Word of the Day

Wednesday, June 10, 2020

skulduggery

[ skuhl-duhg-uh-ree ]

noun

dishonorable proceedings; mean dishonesty or trickery: bribery, graft, and other such skulduggery.

learn about the english language

What is the origin of skulduggery?

Skulduggery was originally an Americanism, a variant of Scottish sculduddery “fornication, lewd conduct, obscenity.” In American usage, skulduggery has cleaned up its act and means only “dishonorable dealings, trickery.” Neither sculduddery nor skulduggery has a reliable etymology. Sculduddery entered English in the first half of the 18th century, skullduggery in the second half.

how is skulduggery used?

corporate malfeasance is too often hidden in quarterly reports and harder for most people to follow. Political skulduggery is done in the open—and on C-Span—and is easier to portray.

Alessandra Stanley, "Pol Watchers: Everyone's a Bad Guy," New York Times, April 11, 2013

the club was a renowned haunt of maverick sea captains, wily eccentrics, and semi-alcoholic miscreants up to their necks in all manner of skulduggery.

Jason Lewis, The Seed Buried Deep, 2014

Listen to the word of the day

skulduggery

Play Podcast Stop Podcast
00:00/00:00
quiz icon
WHAT'S YOUR WORD IQ?
Think you're a word wizard? Try our word quiz, and prove it!
TAKE THE QUIZ
arrows pointing up and down
SYNONYM OF THE DAY
Double your word knowledge with the Synonym of the Day!
SEE TODAY'S SYNONYM

Get A Vocabulary Boost In Your Inbox

Get the Word of the Day every day!
  • This field is for validation purposes and should be left unchanged.
Tuesday, June 09, 2020

osmatic

[ oz-mat-ik ]

adjective

of or relating to the sense of smell.

learn about the english language

What is the origin of osmatic?

Osmatic, “relating to the sense of smell or to animals with a keen sense of smell,” is a borrowing from French osmatique, which was coined by the 19th-century French surgeon and anthropologist Paul Broca in 1878. Osmatique derives from the Greek noun osmḗ (also odmḗ) “smell, odor, scent” and the French adjectival suffix -atique, from the same source as the English suffix –atic. Osmḗ is the classical Attic form of earlier and dialectal odmḗ, from a root od- “to smell” and is closely related to Latin odor “a smell, odor, whiff, hint.” Osmatic entered English in 1880.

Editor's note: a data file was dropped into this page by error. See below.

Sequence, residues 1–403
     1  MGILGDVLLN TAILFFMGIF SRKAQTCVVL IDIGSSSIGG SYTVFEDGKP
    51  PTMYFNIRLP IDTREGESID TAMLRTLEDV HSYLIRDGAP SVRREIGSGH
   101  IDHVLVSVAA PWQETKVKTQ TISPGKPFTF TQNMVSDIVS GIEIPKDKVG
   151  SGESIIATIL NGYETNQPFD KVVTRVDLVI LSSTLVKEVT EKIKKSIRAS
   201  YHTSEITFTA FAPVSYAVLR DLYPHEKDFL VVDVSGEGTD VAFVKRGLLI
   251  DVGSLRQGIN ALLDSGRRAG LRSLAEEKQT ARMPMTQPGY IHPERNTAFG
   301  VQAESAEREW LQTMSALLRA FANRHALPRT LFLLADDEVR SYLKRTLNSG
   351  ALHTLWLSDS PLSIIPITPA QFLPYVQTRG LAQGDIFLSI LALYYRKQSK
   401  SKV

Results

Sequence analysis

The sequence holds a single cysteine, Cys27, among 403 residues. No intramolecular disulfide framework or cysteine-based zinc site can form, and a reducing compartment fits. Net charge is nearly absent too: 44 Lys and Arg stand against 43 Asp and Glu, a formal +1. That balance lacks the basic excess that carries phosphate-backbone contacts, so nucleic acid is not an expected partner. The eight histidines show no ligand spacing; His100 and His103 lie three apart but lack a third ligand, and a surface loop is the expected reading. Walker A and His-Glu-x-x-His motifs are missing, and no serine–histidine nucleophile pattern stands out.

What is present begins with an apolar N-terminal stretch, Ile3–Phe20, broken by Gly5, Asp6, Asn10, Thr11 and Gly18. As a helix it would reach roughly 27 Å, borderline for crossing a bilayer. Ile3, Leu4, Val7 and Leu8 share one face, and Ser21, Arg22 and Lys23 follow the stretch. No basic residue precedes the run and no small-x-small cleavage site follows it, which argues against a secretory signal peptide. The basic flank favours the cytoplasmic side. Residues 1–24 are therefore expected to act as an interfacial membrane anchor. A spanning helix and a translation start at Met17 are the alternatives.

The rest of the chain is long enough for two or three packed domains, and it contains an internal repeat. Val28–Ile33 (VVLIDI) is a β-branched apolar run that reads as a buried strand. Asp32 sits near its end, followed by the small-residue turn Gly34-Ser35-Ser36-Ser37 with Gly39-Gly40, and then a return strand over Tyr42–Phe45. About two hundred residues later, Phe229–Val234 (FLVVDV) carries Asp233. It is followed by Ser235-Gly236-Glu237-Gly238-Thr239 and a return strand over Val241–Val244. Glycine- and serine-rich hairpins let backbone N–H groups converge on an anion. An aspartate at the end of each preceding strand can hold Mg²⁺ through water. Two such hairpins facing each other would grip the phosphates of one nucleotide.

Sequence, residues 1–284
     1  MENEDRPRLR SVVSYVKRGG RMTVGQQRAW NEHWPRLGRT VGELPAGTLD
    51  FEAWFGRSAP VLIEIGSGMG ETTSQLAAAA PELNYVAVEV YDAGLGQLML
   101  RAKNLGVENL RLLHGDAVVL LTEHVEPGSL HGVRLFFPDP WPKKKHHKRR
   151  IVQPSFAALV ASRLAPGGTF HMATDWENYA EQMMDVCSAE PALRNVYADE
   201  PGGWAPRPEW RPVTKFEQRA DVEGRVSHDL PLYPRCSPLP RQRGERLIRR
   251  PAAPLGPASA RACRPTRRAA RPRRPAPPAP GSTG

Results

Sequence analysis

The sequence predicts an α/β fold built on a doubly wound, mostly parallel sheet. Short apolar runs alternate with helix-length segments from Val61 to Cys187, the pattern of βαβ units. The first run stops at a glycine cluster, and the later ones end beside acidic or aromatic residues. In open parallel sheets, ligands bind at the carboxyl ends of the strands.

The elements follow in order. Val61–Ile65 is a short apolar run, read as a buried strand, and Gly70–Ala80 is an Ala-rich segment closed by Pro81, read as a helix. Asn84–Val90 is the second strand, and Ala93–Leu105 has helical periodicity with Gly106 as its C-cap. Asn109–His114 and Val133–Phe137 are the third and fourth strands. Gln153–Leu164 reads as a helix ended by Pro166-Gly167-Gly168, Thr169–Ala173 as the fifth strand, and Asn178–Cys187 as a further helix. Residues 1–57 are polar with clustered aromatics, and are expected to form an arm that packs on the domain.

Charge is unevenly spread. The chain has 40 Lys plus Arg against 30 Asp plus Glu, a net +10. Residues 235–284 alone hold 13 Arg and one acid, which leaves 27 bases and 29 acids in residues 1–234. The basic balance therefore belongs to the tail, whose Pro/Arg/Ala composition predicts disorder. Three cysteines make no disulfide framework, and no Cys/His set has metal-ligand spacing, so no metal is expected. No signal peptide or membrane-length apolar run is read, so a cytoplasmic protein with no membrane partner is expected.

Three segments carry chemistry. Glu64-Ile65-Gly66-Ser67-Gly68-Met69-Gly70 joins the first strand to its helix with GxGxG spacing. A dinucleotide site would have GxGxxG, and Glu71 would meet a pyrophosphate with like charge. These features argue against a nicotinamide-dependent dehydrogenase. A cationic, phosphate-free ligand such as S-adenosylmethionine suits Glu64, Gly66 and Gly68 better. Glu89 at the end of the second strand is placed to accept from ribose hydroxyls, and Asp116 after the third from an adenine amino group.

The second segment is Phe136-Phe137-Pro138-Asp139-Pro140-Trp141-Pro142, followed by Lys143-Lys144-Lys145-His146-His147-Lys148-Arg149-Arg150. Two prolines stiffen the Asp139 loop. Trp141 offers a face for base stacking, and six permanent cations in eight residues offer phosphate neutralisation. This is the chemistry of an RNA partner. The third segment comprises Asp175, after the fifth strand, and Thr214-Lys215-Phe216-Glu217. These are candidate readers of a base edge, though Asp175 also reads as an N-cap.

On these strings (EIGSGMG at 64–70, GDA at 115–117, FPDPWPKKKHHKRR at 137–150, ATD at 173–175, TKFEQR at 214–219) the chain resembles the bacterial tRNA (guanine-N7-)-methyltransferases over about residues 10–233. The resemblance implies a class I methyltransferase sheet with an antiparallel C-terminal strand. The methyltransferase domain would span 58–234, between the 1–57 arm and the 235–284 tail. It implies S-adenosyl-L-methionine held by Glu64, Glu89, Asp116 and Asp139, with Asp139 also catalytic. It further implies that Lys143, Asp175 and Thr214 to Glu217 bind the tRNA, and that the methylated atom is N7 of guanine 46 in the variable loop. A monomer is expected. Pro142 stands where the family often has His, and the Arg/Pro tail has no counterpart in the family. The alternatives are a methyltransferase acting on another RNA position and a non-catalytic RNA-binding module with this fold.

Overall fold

how is osmatic used?

Each of our senses diminish their acuity at a slightly different rate as we fall off to sleep. Our auditive, osmatic, thermal, and tactile responses become seemingly dormant …

Richard Neutra, Nature Near: The Late Essays of Richard Neutra, 1989

Osmatic messages permit recognition of others as individuals or as members of a social category, or signal a certain emotional state.

Guy Ankerl, Experimental Sociology of Architecture, 1981

Listen to the word of the day

osmatic

Play Podcast Stop Podcast
00:00/00:00
Monday, June 08, 2020

alligate

[ al-i-geyt ]

verb (used with object)

Obsolete.

to attach; bind.

learn about the english language

What is the origin of alligate?

The rare verb alligate comes from Latin alligātus, the past participle of alligāre “to tie, tie up, tie together,” especially in the combination or mixture of elements of different qualities or values. Alligate entered English in the 16th century.

how is alligate used?

light weight of truth, spun out to cob-web tenuity, might be alligated with fancies and spangled with glittering fallacies, the whole bearing the name of homeopathy …

, "Article XII," American Journal of Dental Science, Vol. 4, July 1854

We are not, dear sisters, called to go into the field of battle and expose our lives to the devouring sword; but we are alligated by every principle of religion and virtue to mourn the sins which render these calamities necessary …

Mary Webb, "An Address from the Boston Female Society for Missionary Purposes to Females Professing Godliness," Massachusetts Baptist Missionary Magazine, March 1813

Listen to the word of the day

alligate

Play Podcast Stop Podcast
00:00/00:00

Get A Vocabulary Boost In Your Inbox

Get the Word of the Day every day!
  • This field is for validation purposes and should be left unchanged.